The Linux Kernel Code of Conduct Committee Begins Offering Regular Reports
Back in late 2018 when Linus Torvalds went on a sabbatical from kernel development to focus on his inter-personal skills, the kernel added a Code of Conduct. To date there hasn't been much transparency into the Code of Conduct committee that acts upon violations, but that is changing in 2020.
Greg Kroah-Hartman on Friday released a December 2019 report on the behalf of the Code of Conduct committee. This marks of what they hope will be regular (monthly?) reports from the committee on their work.
For last month they received just one report simply described as "insulting behavior in email." Stemming from an investigation, that lone report resulted in "education and coaching" but without shining any further light onto the incident.
At least a lone report for the month on the kernel mailing list that sees thousands of posts per month (from a quick count on their archive, around 9,760 mailing list posts for December).
Previously from the start of the CoC in September 2018 through July of 2019 they indicated three instances of insulting behavior in emails and one case of inappropriate language in the kernel source tree. From August through November there were no reports. In the four earlier reports, they all resulted in the "education and coaching."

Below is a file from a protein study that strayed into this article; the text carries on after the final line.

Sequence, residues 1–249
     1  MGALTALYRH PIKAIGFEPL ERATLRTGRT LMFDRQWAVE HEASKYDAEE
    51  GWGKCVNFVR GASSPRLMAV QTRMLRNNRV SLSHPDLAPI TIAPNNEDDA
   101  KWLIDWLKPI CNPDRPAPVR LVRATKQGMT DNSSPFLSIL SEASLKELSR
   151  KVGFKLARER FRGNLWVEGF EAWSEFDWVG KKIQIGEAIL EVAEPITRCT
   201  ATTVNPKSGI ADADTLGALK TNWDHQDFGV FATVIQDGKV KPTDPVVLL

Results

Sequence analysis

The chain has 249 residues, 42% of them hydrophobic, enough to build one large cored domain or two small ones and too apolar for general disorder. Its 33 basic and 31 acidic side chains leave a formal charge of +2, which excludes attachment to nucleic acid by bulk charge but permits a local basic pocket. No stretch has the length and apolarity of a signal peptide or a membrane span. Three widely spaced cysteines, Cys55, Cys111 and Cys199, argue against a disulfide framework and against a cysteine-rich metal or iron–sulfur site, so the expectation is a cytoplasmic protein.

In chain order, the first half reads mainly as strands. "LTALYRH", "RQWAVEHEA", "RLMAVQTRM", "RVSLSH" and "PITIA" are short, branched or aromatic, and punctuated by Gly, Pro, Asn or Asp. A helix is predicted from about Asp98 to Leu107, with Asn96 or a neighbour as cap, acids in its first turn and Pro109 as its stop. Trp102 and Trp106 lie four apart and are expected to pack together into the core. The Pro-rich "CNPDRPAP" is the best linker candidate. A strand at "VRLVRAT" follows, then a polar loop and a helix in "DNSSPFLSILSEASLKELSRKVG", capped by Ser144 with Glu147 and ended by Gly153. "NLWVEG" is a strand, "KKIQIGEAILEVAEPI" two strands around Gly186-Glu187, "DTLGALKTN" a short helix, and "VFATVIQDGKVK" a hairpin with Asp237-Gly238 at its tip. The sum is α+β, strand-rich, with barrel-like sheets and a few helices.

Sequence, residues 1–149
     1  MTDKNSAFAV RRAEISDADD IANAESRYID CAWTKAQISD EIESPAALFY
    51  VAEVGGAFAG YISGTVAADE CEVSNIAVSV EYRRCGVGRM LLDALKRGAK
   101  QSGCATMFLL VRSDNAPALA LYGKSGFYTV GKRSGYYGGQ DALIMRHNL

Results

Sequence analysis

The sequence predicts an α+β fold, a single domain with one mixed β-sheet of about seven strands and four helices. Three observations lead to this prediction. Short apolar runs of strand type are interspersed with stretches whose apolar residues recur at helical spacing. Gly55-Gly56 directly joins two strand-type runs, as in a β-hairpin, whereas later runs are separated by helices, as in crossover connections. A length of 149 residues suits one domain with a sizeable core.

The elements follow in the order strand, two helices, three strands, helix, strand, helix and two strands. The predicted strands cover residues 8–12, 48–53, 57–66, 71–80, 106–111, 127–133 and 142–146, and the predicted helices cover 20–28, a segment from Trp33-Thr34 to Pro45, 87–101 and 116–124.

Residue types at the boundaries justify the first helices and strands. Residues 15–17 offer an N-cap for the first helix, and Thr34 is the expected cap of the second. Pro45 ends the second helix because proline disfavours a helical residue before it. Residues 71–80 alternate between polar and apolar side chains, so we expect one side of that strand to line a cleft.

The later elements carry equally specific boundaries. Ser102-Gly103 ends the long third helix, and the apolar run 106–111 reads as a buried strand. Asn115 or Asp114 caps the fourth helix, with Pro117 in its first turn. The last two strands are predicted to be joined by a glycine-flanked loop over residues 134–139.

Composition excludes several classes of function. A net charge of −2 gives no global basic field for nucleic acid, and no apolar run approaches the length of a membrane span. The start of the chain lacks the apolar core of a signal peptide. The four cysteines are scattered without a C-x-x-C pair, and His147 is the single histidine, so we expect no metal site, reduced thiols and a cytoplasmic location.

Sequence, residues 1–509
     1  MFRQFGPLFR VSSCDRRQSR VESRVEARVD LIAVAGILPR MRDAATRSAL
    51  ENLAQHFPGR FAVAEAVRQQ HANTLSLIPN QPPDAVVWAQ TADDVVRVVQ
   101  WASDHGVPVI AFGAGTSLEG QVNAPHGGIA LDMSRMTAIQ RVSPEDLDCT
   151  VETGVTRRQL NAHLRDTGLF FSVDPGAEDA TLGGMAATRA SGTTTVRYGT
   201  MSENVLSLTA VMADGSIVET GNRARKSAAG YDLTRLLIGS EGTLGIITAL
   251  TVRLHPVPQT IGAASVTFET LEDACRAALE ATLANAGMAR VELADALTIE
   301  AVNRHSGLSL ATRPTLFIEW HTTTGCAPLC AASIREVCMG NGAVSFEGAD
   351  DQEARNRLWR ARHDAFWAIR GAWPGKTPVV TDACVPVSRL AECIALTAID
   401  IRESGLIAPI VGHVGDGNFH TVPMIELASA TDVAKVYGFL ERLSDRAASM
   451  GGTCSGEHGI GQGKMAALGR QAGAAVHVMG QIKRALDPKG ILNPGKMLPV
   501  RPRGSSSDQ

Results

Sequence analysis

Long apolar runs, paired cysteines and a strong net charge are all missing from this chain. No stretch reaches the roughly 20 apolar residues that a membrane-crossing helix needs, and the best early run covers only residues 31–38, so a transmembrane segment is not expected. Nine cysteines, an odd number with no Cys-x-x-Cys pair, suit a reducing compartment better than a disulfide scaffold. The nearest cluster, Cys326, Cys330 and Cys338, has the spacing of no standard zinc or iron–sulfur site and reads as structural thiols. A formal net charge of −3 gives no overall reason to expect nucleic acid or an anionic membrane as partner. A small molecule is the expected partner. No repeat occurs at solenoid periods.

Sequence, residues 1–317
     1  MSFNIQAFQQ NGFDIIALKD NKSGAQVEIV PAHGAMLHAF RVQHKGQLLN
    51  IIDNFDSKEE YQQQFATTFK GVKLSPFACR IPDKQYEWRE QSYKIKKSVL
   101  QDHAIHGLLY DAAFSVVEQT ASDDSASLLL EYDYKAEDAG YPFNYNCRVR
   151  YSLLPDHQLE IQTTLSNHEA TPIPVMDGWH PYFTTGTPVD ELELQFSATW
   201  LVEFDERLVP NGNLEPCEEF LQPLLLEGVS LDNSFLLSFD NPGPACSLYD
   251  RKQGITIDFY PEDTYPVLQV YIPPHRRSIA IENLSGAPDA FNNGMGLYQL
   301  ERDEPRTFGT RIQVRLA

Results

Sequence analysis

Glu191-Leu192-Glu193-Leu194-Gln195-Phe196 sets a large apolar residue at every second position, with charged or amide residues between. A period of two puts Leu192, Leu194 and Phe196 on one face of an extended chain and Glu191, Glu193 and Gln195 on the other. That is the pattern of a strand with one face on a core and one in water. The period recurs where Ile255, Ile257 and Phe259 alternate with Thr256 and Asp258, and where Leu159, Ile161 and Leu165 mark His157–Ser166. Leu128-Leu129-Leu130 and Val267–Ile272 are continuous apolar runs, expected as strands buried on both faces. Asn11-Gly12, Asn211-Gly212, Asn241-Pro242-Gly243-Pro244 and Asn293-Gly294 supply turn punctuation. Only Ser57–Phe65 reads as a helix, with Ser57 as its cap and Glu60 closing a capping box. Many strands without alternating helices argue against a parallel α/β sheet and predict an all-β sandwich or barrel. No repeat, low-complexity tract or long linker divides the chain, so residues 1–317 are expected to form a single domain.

So over the past year and a little over a quarter have just been four reports of insulting behavior in the kernel mailing list and one case of inappropriate language (code comments) in the kernel source. Given the kernel mailing list and its thousands of posts per month and thousands of Git commits with comments, these numbers so far show the CoC isn't being abused or causing any sweeping shift in behavior.
The reports and other Linux Kernel Code of Conduct material can be found on Kernel.org.